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AP Classes vs. Honors Classes - Going Ivy

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Is it Better to Get an A in an Honors or Regular Class or a B in an AP Class?

Ambitious students who have goals of getting into highly selective colleges commonly wonder whether it is better to get an A in a regular course or a B in the corresponding advanced placement course. There is no one correct answer to this question for all students because it depends on the rest of your course load and GPA. If you want to get into an elite college such as one of the Ivy League schools, you should strive to take advanced placement classes and get As in them. If you are weaker in a subject area and wondering whether or not to take the AP version in the subject or a regular class instead, here are some important things that you should consider before choosing one or the other.

Consider Where You Want to Attend College

One of the first things that you should consider is the big-picture goal: what college you are wanting to attend. Taking advanced placement courses is not required for admission into any school, but elite colleges such as Harvard and Yale prefer that students take the most rigorous classes that are offered at their schools, including AP courses. AP students are the ones you’ll be competing with for admission. Selective schools may be less impressed by students who earned straight As but who have failed to take advanced placement classes that were offered at their schools. This is because the admissions officers may believe that these students were unwilling to push themselves and were simply trying to take the easy path through high school.

Yale states that the strength of your transcript is the most important factor that the school looks at when its admissions committee is trying to decide whether or not to accept you. The school wants students to take AP classes if they are offered and to do well in them. Jeff Rickey, the dean of admissions at St. Lawrence University, says that admissions officers would prefer that students got As in their advanced placement courses when a similar question was posed to him by the “New York Times.” When your school offers an advanced placement course in a subject area with which you are not completely comfortable, you will need to weigh the risks in order to decide whether to take it or instead take a regular college prep class on the subject.

Weighing the Risks and Benefits

Since colleges want to see that you have taken the most rigorous classes available, you may want to risk taking an AP class over a regular class. On average, the Los Angeles Times reports that applicants to selective schools take eight AP classes during high school with some taking as many as 13!

You should recognize your own limits, however. For example, if you are already working hard and taking many difficult classes at once, you might want to hold off on enrolling in another AP class during that semester if it will push you beyond your capabilities. You might also want to avoid enrolling in an AP course that is taught by a teacher who has a notorious reputation for being difficult or unfair. Taking a difficult AP class at the same time that you will also be taking the SAT, ACT or SAT subject tests may not be a good decision if you will have less time to prepare for both your AP class as well as your standardized tests.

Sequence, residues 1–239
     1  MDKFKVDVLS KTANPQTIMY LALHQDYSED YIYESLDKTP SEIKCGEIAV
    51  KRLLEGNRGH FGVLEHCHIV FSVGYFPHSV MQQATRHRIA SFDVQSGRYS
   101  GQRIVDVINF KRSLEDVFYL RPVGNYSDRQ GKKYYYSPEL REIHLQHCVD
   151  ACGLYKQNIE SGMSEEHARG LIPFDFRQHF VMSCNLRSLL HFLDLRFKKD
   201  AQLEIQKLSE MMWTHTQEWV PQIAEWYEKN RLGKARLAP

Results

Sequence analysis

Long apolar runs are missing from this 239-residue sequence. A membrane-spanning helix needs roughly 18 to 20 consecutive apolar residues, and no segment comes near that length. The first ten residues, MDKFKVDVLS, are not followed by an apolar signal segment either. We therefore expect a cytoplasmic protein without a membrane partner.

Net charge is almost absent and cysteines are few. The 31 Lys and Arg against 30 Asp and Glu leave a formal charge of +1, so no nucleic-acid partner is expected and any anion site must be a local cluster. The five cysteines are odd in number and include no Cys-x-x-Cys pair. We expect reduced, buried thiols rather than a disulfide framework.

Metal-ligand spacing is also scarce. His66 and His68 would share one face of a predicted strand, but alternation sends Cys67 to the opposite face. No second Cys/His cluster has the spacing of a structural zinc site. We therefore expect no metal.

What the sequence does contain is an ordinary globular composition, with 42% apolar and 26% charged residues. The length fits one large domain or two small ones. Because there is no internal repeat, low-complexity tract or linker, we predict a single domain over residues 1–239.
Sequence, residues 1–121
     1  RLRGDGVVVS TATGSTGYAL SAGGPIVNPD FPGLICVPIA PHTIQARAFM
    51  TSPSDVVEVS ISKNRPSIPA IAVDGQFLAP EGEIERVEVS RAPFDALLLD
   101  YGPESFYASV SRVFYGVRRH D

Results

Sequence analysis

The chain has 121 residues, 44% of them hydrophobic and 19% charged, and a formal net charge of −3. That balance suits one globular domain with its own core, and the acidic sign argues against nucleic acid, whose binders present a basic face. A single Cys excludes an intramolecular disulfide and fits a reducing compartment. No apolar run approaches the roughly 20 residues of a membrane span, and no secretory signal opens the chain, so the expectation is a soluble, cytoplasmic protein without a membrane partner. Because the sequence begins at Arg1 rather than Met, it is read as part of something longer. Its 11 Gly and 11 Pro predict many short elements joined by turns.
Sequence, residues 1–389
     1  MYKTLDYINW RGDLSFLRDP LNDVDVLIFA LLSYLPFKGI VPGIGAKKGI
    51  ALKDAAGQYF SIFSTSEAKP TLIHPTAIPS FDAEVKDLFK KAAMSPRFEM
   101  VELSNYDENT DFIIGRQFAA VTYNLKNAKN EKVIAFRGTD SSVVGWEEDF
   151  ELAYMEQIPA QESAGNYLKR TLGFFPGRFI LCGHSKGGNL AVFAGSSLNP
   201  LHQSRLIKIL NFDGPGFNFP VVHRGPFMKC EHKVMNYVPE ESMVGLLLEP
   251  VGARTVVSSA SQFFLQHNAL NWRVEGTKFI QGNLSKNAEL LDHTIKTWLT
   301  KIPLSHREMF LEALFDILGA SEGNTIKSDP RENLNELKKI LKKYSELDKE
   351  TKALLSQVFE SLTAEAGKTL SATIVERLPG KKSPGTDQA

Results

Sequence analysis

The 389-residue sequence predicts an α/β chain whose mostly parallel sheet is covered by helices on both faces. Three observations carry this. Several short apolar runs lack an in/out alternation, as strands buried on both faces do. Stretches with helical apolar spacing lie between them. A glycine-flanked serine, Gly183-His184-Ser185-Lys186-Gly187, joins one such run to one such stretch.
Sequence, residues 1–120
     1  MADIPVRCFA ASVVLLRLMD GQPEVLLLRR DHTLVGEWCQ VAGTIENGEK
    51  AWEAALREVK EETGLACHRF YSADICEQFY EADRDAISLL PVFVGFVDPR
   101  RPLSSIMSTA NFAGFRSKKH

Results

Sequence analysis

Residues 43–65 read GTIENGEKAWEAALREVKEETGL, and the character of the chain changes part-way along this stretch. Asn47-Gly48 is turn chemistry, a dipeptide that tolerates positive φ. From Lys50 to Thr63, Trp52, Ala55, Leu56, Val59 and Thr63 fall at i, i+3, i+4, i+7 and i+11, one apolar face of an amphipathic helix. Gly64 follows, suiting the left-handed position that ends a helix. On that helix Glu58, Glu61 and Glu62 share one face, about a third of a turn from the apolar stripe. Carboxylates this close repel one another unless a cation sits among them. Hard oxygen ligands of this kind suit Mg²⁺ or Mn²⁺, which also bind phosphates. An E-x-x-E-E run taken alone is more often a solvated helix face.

Choosing Which AP Classes to Take

A good rule of thumb is to concentrate on taking AP courses in core subject areas, including English, science, history and math in lieu of choosing AP classes in more obscure topics. You might also choose to take more AP classes on the subject that you plan to pursue in college. For example, if you want to apply to a science and technology program at an elite institution, it might be smarter to take AP science and math classes and to concentrate on earning As in them over other subjects. If you instead want to pursue a career in the humanities or social sciences, taking AP courses that are offered in those areas might be smart.

If You Are Struggling in Your AP Class

If you are already enrolled in an advanced placement class and are struggling in it, you have a couple of options. You can get help from a tutor in the class in order to master the material and raise your grade. If you believe that you will not do better than a C no matter what help you might receive in a particular AP class, your last resort should be to drop it in favor of a regular course in the same subject. You can then save your AP classes for those subjects with which you are more comfortable so that your overall GPA remains high, giving you the best chance of gaining admission into your dream school.

It is important for you to remember that you will be searching for the college that matches and fits you the best. Finding the right college for you involves more variables than how many AP classes that you take. In addition to taking rigorous classes and doing the best that you can in them, your test scores, extracurricular activities, volunteer work, letters of recommendation and application essays will also be important for your admissions chances. It may also be possible that your best-fit school is not one that places too much emphasis on your taking as many AP classes as possible. You should carefully research different schools and try to visit the ones that you think might match your skills in order to determine the colleges that fit you the best. Then, review the average GPAs and the number of AP classes that applicants to those schools typically have so that you get a better idea of your targets.

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